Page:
Style.No.Chaser caught up with Elisa Ancori, a fascinating Barcelona-born artist who travels through fantastical realms to explore the soul. Her journey brings her to a destination of human and aquatic hybrids that exude breathtaking simplicity and spirituality. Elisa is a feisty and dynamic personality who follows her own path and is admiringly grounded.
See the interview below …
“I travel under the skin and discover innards that represent a limbo …”
Please tell us a bit about yourself – your childhood, siblings, where he grew up, what you liked as a child, strange thoughts as a child / now unique attributes, where he now lives, etc.?
I was born in Barcelona in 1990 to a Peruvian father and Catalan mother. They met in Las Ramblas as my father played Andean music with a group on the street. My parents are very outgoing and love to tease – I came out just the complete opposite. Being a musician, my father always shared with me the difficulties of being in the art world. My mother is a sales agent and always encourages me to grow up and leave all my insecurities behind. I grew up with two older brothers. We spent summers in Begues, a mountain village, not far from the city. We played in the woods and picked fruits and vegetables from our garden. During the rest of the year, we spent a lot of time with my grandparents who lived on the same street as us. My grandmother is like a second mother to me. My grandfather had a store of frames in the center of Barcelona, right on Canuda Street. I dreamt of creating art like the paintings in the frames. I started drawing things I saw – landscapes, still lifes, people, anything. Now, I am an artist because my grandfather was the first to encourage me to be one, and he was always very proud of me. When he died 12 years ago, I promised I would do something good with my drawings and persevere without his guidance. I currently live with my grandmother. I studied Fine Art and Illustration, and I am dedicated to creating works to exhibit in galleries and fulfill assignments as a freelance illustrator. I am currently working on illustrating a story by a young writer that will possibly be published next year. I would also love to get into the world of film.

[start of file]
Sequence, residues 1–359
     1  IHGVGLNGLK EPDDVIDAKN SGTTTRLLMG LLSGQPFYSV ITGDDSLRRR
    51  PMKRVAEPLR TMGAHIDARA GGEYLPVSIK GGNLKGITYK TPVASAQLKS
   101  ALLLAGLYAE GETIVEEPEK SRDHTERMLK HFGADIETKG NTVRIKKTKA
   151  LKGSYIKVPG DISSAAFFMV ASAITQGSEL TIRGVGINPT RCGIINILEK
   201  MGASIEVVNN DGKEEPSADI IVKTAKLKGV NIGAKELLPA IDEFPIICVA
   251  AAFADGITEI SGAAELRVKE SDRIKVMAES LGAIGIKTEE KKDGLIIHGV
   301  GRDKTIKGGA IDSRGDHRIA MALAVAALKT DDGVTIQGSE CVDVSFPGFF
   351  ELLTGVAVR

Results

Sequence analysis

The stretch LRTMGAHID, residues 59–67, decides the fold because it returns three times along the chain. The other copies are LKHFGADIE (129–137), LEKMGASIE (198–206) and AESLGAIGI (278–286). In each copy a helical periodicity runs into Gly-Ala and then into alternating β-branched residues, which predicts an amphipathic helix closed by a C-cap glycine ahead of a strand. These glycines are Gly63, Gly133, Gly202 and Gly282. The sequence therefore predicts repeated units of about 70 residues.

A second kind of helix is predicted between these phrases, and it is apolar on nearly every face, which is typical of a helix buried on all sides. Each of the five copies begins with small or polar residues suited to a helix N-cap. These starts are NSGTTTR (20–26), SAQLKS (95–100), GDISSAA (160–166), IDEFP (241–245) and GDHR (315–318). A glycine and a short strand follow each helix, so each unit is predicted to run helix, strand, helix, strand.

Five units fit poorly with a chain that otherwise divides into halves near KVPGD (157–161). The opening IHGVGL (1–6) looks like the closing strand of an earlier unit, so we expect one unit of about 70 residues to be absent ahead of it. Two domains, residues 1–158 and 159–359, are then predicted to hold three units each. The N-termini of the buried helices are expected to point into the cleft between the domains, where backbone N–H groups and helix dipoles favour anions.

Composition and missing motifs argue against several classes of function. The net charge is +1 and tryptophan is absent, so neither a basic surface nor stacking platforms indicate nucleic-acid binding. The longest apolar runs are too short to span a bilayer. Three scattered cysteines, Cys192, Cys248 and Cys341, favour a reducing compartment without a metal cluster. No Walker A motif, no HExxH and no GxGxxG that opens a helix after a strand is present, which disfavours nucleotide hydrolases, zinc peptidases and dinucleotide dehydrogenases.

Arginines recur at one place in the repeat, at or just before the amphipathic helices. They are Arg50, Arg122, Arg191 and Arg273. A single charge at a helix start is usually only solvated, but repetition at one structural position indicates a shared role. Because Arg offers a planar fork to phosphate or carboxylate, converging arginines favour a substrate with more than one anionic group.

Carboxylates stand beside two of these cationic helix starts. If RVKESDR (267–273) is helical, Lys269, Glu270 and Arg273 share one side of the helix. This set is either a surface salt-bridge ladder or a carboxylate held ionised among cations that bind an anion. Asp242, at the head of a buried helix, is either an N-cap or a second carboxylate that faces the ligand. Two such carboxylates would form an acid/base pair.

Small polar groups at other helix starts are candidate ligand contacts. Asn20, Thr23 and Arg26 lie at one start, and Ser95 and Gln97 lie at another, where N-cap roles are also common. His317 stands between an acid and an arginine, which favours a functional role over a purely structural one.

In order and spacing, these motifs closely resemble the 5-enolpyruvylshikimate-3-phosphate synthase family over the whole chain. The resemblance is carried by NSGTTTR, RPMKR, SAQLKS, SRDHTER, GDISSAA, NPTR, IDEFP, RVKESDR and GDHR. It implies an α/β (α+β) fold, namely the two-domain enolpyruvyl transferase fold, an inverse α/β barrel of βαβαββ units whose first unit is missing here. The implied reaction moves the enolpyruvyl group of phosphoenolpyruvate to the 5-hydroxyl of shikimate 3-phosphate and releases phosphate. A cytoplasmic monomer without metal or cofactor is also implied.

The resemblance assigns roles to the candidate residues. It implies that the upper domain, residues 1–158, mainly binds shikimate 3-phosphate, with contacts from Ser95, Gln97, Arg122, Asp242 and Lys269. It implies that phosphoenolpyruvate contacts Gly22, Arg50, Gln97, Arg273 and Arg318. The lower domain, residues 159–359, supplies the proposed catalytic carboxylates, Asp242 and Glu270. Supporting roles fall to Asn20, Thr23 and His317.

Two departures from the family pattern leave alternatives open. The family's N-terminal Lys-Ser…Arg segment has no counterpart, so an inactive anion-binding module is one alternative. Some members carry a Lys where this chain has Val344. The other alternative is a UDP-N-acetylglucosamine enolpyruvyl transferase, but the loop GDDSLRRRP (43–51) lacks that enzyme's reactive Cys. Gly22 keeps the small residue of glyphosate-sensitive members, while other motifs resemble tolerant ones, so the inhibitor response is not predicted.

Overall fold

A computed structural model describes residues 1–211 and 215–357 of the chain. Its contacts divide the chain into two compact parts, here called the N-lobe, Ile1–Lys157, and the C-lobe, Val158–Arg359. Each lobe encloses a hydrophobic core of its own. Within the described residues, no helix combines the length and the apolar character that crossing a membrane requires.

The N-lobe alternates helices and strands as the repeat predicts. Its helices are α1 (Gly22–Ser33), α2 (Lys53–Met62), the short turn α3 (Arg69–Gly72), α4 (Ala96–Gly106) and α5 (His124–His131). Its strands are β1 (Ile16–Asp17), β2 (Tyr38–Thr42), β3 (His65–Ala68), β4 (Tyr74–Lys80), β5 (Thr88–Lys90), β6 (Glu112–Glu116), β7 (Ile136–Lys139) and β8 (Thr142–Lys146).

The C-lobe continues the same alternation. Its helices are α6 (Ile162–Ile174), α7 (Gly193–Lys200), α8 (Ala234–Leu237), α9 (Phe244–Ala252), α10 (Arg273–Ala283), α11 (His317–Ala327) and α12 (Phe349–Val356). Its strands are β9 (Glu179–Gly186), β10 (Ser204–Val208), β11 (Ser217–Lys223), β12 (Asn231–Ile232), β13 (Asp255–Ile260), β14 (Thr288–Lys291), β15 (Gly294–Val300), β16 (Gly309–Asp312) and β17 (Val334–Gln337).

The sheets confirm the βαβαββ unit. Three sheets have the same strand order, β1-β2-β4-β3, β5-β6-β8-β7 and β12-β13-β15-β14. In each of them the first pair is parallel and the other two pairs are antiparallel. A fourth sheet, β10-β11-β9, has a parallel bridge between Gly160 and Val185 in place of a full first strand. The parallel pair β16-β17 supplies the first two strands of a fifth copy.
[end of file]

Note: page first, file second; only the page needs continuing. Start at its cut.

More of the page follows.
What does art mean to you?
It is a form of expression. Artists create works that interact with the viewer and invite various forms of reflection, be it conceptual, political, etc. Everyone chooses what he/she wants to reflect and contribute to society – I like to be a spectator and a producer and to be able to enjoy the ideas presented by artists. I think as an artist you do not necessarily think, you contemplate. Someone told me that my sketches were hypnotizing, sweet and mysterious at the same time. It is amazing to me that art can evoke such a reaction from people.
You state in your background that your work is a fusion of “Body and Soul” – can you explain what this means?
In several works, specifically the last series of drawings entitled “Metamorfish”, there is a silent seeking and yearning for a connection between man and his animal side. This reveals something inside all people that can flourish and grow. I travel under the skin and discover innards that represent a limbo where the body is reborn ceases to be human and turns into a marine hybrid. In this concept, animal parts heal the wounds we have experienced in our human world.
How would you describe your art form?
My work is aesthetic, fantastic and delicate. My images are energetic, lively, melancholic and a little disturbing. I utilize a lot of technique in my drawings of human anatomy because this has always interested me. I like to create believable images which transform reality into fantastic figures and imaginary scenes.
What tools do you use to create your work and how did you create your personal style of art?
For paper drawings, I use pencils (black and colored) and watercolor. On wood, I use pen and acrylic paint. When I make illustrations for commissioned or editorial work, I use different techniques like digital collage and digital painting.
People generally feel that art is something that comes naturally to artists but you went to art school – what did art school teach you about art?
Art school opened my mind to the history of art. It helped me develop the skill of drawing the human body. I learned from peers and got experience in photography, sculpture, design, and engraving.
What is the worst criticism you have received about your work? What is the best compliment you have received about your work?
The worst was when strange sounds came from the mouth of a college professor – he had no words for my work. I thought this was quite a bad reaction.
The best compliment was when someone told me that my work was ‘tender and tragic’ and also ‘mesmerizing’. This description is pretty close to the feeling I have when I look at my own pictures.
Since Style.No.Chaser is a men’s lifestyle magazine, what attributes/items/clothing /etc. do you think define a man?
We live in a world of fashion and it is normal that we all want to be identified within a particular style. Personally, I am drawn to natural elegance.
What is your life philosophy?
“Life is a play that does not allow testing. So, sing, cry, dance, laugh and live intensely, before the curtain closes and the piece ends with no applause.” C. Chaplin
How can people learn more about your current and future works?